The future looks gloomy for a Colombian soccer league crippled by corruption as many teams find themselves in the red, according to an economic review for 2010-11.
The reports from an economic reviewing body compiled statistics on the Colombian A and B leagues, which revealed troubling figures on both ends of the scale. The combined assets of all the teams included barely reached $70 million — the amount just one NFL team earns from television rights in the United States.
The team revealed to be most in debt for 2010-11 was recently relegated America de Cali, who recorded a negative equity of $7 million. Atletico Nacional showed losses of $4 million for 2011 and Cucuta Deportivo about $3.5 million.
Buoyed by a large fanbase and relative success Nacional should have the resilience to overcome the downturn. Cucuta have accepted a plan to restructure their finances with a regulatory body to avoid going into liquidation.
Other teams also risk having to undergo a restructuring process to prevent them from dropping out of the national leagues.
Last year Colombia’s national soccer association was forced to declare a state of economic crisis and accept government intervention. The sport has suffered following government crackdowns on the influence of drug cartels, which financed many teams for over a decade. Millions of dollars in assets have been seized by authorities.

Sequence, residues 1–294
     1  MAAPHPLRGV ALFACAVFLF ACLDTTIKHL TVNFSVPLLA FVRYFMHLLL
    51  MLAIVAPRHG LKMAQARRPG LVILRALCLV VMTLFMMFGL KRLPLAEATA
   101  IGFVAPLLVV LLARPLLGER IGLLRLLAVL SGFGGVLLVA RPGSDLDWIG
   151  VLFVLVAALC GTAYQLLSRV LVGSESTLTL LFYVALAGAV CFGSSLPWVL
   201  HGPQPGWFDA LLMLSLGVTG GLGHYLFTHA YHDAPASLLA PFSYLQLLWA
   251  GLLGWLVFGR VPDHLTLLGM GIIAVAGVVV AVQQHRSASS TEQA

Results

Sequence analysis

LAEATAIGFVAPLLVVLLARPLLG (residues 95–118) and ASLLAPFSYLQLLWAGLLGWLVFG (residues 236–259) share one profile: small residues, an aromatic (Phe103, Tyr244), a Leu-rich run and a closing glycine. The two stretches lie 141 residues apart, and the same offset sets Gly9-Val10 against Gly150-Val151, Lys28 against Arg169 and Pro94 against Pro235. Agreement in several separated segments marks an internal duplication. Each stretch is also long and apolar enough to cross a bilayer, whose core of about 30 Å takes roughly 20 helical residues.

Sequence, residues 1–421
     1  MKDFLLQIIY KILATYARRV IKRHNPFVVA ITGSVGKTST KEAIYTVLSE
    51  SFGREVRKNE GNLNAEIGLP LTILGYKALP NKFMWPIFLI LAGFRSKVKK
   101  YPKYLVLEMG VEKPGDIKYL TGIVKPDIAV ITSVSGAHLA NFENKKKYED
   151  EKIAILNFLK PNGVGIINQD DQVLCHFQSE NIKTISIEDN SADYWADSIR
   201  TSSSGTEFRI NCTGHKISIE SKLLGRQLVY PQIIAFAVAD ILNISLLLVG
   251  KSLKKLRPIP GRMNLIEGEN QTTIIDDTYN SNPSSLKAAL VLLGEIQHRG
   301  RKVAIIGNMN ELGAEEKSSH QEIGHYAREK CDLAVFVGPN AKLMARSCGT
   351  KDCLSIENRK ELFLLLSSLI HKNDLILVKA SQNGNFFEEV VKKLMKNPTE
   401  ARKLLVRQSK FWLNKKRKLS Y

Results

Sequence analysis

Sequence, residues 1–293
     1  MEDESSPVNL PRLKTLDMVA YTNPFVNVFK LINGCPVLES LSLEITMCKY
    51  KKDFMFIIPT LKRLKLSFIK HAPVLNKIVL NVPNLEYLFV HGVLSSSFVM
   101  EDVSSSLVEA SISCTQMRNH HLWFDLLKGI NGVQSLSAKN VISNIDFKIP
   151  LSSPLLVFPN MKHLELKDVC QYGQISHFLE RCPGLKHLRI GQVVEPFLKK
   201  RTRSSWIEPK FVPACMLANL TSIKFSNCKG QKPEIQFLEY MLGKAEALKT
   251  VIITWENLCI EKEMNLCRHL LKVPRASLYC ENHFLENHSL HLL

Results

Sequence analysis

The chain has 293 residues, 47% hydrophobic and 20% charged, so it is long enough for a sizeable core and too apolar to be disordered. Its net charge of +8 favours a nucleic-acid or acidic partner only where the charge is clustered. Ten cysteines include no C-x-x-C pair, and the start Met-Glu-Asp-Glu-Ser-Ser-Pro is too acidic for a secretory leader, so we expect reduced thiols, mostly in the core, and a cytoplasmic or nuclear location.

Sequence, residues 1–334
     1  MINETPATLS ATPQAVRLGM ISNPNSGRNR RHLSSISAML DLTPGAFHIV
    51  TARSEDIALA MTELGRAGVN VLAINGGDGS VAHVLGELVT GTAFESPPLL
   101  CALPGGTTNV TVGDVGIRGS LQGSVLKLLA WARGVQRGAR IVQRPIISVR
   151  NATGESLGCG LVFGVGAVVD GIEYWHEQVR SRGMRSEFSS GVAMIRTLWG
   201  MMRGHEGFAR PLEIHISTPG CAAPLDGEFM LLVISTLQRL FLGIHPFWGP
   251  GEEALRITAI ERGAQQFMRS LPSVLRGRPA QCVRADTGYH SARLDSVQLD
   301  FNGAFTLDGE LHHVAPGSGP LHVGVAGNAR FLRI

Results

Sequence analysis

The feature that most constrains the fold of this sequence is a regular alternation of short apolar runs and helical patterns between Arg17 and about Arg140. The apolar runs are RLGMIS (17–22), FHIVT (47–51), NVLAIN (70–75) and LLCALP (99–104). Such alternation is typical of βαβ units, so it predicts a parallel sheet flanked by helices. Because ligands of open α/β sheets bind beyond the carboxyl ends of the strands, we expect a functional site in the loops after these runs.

Drug cartels have long used the sport as an avenue for money laundering, with various major teams being investigated in recent years. Some schemes reportedly involved more than a billion dollars. Many of the largest teams in the national leagues have been controlled by cartels, Pablo Escobar once the owner of Medellin‘s Atletico Nacional. “Football has a lot of windows through which illegal money can enter, and in fact it has,” said President Juan Manuel Santos in 2010.
The government has repeatedly blamed drug cartels for bankrupting Colombian soccer, the influence of the gangs deterring both national and international investors, according to global magazine The Economist. Companies such as the beer giant Aguila have removed their sponsorship. Game attendance has also fallen due to fears of violence.
Santos, a life-long Santa Fe fan, has denounced the dire state of the national leagues and affirmed his committment to change Colombian soccer. “Either we change football (soccer) or it will be over for us. I am not going to permit the demise of Colombian football,” he declared in 2010.
To try to improve transparency and curb illegal intervention in soccer clubs Santos approved a bill last year that required clubs to report all their dealings to the finance ministry.